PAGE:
The Mosgiel Memorial RSA has announced it will close its restaurant and bar, given dwindling membership, and amid tough trading pressures for RSA hospitality operations elsewhere in the country.

MMRSA chair Peter Amyes said the closure of the hospitality arm was a proactive, managed exit, and not a receivership or liquidation situation.

The move reflected higher operating costs, and tougher trading conditions rendering the club's commercial operation unsustainable.

"Despite numerous initiatives and exhaustive efforts, the financial reality is that its not in the best interests of our membership to continue as we are," Major Amyes said.

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Staff and key stakeholders had been advised, and had also been encouraged to participate in an upcoming consultation process to determine the MMRSAs future direction.

Like many not-for-profits, MMRSA had also been particularly hard hit by the escalating costs of running the commercial operation, with the likes of insurance, electricity and rates all skyrocketing, while turnover from hospitality had decreased.

"It's no secret the going is very tough for RSAs nationwide.

"We have faced a confluence of increasing challenges fewer members, an ageing membership and younger peoples changing patterns around socialising, to name but a few," he said.

The move to close the restaurant and bar comes only four years after the completion of a $1.2 million redevelopment of the Mosgiel RSA complex in Church St which aimed to replace the previous "beer barn'' look with a brighter, more modern and livelier cafe-style approach, including a modern restaurant.

Much better, climate-controlled conditions were also provided for the Mosgiel RSA's sizeable collection of wartime memorabilia, some of it dating from the Boer War.

Major Ames said the Mosgiel RSA had taken up the overall challenges in various ways, and "we did make headway we just couldn't sustain enough traction in what is an entirely different era and market than when RSAs first opened bars and restaurants."

The restaurant would close on May 11, while the bar had reverted to its winter hours earlier than usual, operating from Wednesday to Saturday, before also permanently closing at the end of June.

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An information evening for members would be held on May 13, with a series of members consultation meetings scheduled for May 22, 23 and 29.

Feedback would then be collated and considered by the board, before being fed back to the members, who would vote on their preference.

"We need to now go back to our members and seek their feedback on how we can best serve their needs, in terms of our core function of welfare and wider support."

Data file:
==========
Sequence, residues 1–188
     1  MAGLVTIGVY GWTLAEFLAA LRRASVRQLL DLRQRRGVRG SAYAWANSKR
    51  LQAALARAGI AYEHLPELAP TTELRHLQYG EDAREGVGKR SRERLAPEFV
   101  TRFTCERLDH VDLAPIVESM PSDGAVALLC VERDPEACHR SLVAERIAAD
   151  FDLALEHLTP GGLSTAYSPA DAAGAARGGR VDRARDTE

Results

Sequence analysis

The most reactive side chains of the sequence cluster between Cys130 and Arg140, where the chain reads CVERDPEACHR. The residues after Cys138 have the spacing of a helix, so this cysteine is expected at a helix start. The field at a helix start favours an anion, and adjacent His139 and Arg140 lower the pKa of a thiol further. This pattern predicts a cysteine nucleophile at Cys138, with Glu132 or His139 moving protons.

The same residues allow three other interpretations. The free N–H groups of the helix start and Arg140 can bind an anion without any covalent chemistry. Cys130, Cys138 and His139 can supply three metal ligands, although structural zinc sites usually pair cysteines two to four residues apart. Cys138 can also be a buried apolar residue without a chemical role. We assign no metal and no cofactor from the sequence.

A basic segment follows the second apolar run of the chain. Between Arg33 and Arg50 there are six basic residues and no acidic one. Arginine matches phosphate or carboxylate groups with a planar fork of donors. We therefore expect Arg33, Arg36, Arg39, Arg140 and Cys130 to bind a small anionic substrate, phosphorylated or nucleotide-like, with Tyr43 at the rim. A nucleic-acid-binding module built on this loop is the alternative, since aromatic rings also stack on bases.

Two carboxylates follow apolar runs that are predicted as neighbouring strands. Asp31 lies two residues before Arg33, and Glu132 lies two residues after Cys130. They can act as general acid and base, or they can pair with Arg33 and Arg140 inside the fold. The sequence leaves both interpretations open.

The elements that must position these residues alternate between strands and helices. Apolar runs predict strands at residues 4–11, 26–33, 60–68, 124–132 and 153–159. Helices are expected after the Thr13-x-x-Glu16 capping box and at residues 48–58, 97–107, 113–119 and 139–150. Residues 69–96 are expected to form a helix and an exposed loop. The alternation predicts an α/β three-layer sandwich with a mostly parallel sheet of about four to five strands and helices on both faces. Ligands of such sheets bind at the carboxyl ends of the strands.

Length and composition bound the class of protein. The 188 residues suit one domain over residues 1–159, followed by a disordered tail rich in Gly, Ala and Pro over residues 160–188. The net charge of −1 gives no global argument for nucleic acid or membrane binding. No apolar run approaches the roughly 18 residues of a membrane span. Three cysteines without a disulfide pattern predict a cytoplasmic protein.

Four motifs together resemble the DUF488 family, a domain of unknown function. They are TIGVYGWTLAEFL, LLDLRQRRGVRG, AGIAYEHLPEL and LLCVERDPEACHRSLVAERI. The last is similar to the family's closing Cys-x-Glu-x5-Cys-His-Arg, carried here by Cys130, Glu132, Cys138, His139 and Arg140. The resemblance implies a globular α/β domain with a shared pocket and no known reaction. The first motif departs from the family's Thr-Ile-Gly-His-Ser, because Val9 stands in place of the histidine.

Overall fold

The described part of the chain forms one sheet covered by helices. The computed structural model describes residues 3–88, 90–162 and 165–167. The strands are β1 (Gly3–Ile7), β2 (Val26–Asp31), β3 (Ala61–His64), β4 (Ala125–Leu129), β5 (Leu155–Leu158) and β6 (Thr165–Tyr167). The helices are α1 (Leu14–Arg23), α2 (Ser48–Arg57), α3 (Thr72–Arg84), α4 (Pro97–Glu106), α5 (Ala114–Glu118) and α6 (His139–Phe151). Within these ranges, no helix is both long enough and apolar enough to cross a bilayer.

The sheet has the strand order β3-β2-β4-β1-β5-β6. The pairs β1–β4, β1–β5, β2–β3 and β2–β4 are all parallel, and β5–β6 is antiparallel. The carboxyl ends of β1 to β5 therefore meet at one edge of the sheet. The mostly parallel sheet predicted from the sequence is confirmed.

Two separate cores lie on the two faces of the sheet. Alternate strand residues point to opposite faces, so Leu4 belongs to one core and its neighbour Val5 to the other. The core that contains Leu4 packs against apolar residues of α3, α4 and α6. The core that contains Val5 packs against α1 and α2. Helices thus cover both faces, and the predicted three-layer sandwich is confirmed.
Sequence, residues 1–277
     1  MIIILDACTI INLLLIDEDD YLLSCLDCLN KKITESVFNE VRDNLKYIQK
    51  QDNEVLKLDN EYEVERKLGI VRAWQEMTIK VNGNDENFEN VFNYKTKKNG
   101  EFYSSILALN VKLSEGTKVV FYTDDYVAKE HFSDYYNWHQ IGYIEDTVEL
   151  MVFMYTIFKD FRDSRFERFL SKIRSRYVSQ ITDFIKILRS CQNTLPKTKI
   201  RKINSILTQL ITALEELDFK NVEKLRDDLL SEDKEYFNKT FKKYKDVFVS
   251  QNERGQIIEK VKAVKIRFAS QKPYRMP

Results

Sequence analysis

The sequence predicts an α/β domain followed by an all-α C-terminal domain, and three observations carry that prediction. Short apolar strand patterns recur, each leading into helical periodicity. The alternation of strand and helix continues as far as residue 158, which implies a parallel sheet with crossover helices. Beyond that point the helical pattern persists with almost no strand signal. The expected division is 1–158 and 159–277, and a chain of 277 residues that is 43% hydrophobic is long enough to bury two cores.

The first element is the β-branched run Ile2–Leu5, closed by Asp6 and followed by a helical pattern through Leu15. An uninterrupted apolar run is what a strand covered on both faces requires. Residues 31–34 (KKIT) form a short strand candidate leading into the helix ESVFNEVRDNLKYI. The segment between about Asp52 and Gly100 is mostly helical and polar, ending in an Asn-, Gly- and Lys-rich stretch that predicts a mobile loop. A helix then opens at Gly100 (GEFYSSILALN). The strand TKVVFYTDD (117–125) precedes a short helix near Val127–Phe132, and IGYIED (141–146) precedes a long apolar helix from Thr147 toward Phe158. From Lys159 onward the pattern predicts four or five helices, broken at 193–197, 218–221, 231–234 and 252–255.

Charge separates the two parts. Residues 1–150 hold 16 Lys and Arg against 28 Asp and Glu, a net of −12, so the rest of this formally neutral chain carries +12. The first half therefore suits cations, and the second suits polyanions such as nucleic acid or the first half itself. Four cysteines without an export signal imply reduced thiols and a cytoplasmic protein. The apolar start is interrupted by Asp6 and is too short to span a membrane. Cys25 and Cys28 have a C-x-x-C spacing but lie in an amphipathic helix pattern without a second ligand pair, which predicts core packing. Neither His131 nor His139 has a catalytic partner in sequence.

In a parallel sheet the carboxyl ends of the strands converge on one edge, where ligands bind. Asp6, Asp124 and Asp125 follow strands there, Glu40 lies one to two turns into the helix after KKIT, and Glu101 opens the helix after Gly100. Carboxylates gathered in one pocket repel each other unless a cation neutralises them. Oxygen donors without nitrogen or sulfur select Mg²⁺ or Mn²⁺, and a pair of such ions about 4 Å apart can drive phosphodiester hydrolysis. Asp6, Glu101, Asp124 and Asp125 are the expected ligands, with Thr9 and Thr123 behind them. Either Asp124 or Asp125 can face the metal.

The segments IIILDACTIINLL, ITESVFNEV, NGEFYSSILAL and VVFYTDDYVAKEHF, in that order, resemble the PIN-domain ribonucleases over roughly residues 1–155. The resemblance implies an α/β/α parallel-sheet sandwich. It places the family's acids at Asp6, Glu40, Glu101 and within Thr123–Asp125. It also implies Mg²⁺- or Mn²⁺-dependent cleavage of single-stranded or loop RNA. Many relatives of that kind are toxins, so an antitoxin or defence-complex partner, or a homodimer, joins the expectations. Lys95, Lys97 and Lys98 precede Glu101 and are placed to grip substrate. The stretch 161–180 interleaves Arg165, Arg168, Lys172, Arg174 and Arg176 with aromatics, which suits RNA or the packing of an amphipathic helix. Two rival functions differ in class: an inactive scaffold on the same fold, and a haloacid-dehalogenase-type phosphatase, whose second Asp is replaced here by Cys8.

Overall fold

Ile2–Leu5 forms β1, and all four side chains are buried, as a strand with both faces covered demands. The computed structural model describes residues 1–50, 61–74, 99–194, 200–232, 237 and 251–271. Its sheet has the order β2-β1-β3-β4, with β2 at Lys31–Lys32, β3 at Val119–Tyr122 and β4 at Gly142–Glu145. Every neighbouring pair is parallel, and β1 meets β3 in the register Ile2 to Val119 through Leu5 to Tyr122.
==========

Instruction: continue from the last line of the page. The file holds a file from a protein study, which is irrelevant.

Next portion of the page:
Major Amyes said, while redundancies among the 12 employees were "likely inevitable", final decisions could not be made until staff, members and key stakeholders had been consulted on the club's future direction.

"Sadly, the writing is on the wall for the restaurant and bar, and we are facing, and dealing with, that reality.

"We can't, however, and won't, make any final decisions until we've heard from our people and teased out their ideas for what the future could look like."

"While the hospitality side of the RSA grew over the earlier decades, its been becoming harder and harder to sustain in recent years and we must remember that the heart of our purpose remains providing support services for our serving and returned military.

He paid tribute to both the staff and members, past and present.

"You can't work at a place like an RSA and just be staff our current team, and those who've come before them, have been so much more throughout the years. They've brought not just skills and dedication, but have been the warm welcome, friendly ear and companionship to our members.

"I have made a personal undertaking, on behalf of the board, that each has our full support, and we will be doing everything we can to help them through this." Major Amyes also acknowledged the members, especially those who had, over the years, devoted hours upon hours to the MMRSA, which was established 73 years ago.

"As membership numbers have continued to decrease markedly, as well as hitting our financial viability, its also meant fewer and fewer volunteers to fill vital roles on committees and to keep the growth initiatives going.

"We even struggled to find volunteers for this years Poppy Day, which, I think is fair to say, is a Kiwi institution."

Major Amyes said another key priority was the MMRSAs memorabilia collection, which was of national significance.

"We're already working on what's best to happen with these incredible wartime artefacts to ensure they're both protected and suitably showcased to the wider public," he said.